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Showing versus telling

Showing versus telling

Abby Sarah's picture

I guess I’ll start with the barometer statement. It’s hard to place myself on that scale because even now as we’re talking about the slippery nature of language, there are, as you mention, many ways that we can envision what “poetry” looks like and what “prose” looks like. Some prose is intensely poetic, and some traditional verse is little more than exposition. That said, if this were class, I would have to take a stance, so I’m going to stand fairly far on the disagreeing side of the barometer.

Part of the reason that I disagree that “poetry conveys a more raw experience than prose” is the above mentioned fact that there are so many different ways to define something that is poetic versus something that is prose. A narrative in itself can be poetry. It’s poetry with action, as opposed to words. What Marian is describing makes me think of a piece of advice that anyone attempting any sort of creative endeavor (for me it’s been in both writing and theater) has possibly received, which “show us, don’t tell us.” This “showing” versus “telling” dichotomy seems at play here. The model of prose that is being put forth with this barometer statement is that poetry more often ‘shows’ us a particular emotional moment, mostly from what I can gather by prioritizing the emotional realities of a moment over the literal occurrences, or ‘motions,’ as it was put by Caleb and Marian. They continue to see prose then more as “telling;” it gives us the motions of the moment with the hope that we recognize the motions as indicators of certain emotional realities that we’ve had. Such is the point where more translation is occurring than in poetry.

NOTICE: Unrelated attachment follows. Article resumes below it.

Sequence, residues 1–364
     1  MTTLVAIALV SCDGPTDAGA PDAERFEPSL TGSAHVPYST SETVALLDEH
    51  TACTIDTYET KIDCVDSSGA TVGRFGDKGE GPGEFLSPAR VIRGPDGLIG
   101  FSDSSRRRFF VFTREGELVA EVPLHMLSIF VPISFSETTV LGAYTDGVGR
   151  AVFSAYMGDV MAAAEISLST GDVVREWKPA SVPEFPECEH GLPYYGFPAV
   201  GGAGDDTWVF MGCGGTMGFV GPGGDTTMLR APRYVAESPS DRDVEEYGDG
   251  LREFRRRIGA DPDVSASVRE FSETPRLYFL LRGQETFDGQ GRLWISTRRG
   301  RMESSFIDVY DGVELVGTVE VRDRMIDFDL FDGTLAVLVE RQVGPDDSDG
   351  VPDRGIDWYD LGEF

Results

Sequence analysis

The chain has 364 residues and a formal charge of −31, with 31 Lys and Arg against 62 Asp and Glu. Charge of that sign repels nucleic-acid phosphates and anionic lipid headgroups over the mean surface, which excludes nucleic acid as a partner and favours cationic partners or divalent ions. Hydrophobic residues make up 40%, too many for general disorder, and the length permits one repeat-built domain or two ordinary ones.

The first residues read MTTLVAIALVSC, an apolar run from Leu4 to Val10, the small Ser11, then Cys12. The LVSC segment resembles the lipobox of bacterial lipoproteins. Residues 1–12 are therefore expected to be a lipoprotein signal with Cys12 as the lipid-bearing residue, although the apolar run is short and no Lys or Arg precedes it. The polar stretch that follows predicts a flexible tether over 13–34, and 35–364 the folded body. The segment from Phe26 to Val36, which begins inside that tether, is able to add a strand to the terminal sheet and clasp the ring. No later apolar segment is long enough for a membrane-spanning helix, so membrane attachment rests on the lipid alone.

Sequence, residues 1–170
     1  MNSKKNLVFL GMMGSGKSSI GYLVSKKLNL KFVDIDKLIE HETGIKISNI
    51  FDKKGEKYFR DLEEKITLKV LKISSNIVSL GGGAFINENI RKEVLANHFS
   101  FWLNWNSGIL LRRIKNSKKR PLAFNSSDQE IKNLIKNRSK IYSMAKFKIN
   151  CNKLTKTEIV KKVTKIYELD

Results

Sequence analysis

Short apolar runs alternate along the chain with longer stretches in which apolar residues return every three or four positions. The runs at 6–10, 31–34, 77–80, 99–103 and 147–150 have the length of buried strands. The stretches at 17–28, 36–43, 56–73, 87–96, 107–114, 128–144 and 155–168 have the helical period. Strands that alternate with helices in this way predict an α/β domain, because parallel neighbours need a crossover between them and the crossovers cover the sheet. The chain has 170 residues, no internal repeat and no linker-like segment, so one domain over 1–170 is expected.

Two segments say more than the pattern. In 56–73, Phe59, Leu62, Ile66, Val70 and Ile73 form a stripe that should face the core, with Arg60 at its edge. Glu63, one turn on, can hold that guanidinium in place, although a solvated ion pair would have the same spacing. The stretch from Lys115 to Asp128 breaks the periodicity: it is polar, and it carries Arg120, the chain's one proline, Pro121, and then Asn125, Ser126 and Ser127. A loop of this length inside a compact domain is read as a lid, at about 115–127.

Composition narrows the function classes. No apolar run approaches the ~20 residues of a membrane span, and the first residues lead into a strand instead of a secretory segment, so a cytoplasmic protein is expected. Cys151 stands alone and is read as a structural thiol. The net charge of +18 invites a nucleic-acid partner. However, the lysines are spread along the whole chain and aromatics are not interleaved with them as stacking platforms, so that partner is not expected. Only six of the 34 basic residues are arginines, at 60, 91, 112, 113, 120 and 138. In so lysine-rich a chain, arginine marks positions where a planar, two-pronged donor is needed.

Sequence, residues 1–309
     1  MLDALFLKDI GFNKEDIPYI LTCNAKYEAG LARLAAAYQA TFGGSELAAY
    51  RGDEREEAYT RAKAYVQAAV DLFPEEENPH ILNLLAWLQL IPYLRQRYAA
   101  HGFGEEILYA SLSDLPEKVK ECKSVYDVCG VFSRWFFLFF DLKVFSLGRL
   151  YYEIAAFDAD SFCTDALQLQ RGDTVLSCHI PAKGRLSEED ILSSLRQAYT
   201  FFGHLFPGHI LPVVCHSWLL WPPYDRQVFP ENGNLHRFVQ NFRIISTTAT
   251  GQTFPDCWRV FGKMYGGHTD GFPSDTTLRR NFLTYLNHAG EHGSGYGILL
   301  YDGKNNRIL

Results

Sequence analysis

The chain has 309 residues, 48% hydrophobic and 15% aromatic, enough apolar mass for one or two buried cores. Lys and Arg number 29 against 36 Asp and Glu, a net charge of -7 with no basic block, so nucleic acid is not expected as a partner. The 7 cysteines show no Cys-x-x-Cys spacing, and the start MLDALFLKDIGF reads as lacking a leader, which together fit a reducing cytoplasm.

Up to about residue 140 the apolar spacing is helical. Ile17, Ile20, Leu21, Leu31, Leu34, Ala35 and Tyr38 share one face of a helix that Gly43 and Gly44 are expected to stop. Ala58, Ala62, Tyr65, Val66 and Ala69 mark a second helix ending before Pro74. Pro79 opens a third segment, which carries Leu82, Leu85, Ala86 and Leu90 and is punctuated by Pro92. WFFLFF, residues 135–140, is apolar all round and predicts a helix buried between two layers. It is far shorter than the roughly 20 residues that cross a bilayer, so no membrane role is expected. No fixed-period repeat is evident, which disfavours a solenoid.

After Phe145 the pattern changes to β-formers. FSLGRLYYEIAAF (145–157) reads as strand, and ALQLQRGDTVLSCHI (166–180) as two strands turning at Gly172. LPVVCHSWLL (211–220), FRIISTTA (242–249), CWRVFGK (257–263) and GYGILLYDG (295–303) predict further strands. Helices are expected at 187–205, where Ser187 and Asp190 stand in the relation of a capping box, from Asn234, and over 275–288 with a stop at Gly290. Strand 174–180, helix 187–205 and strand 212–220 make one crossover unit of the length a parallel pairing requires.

However, the ‘motions’ put forth by prose can absolutely “show.” I think that the braided nature of the stories in The Hungry Tide is a form of showing a certain reality by simply doing it, not unlike the way poetry uses specific language to embody an emotional moment. In fact, if you consider a prose narrative being able to put forth action, which can be as simple as you do something or you don’t, and you imagine that emotion is an individual lens that colors the world, perhaps the representation of action is in itself more ‘raw,’ than the attempt at representation of emotion. (Which also happens to be the basis for most modern thought on acting theory.) That said, prose, like poetry, must contend with experience being translated to the page. The way that they go about doing so are often different, but one inherently doesn’t contain the ability to give us a more “raw” experience.

None of this necessarily answers the question of what Rilke is doing in the middle of this particular novel. Perhaps, similar to Marian’s suggestion, he exists in the novel to be for Nirmal what other texts that we found particularly ‘raw’ might be to us. Nirmal brings his own experience to Rilke’s poetry and in it finds something that he believes to be the right companion for the experience he’s trying to represent. Aren’t we attempting to do the same as we study all these different texts?  Poetry or prose might not inherently be more ‘raw’ than the other, but it becomes what it is upon contact with us, so for some of us poetry speaks more ‘truths’ and for others prose does. 

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I like the way you shift Marian and Caleb's question from what is more "raw" (btw, do y'all know the famous book, The Raw and the Cooked, by Claude Lévi-Strauss, which is a famous anthropologist's infamous description of what culture is doing: "cooking" what is "raw," "making it 'done'"?).

Maybe, rather than a distinct poetry/prose dichotomy in the structure of words—chapter vs. verse, narrative vs. exposé—we need to blur those lines and look more closely at "poet" as the word. I think if we disassociate "poet" from poetry as solely a genre category, we can open up some different conversations beyond the poetry/prose binary. Maybe a poet, like Nirmal, doesn't have to solely write in the genre poetry. If anything, Nirmal shows us that a poet, or one who "lives through poetry", does not have to fit into a poetry/prose dichotomy.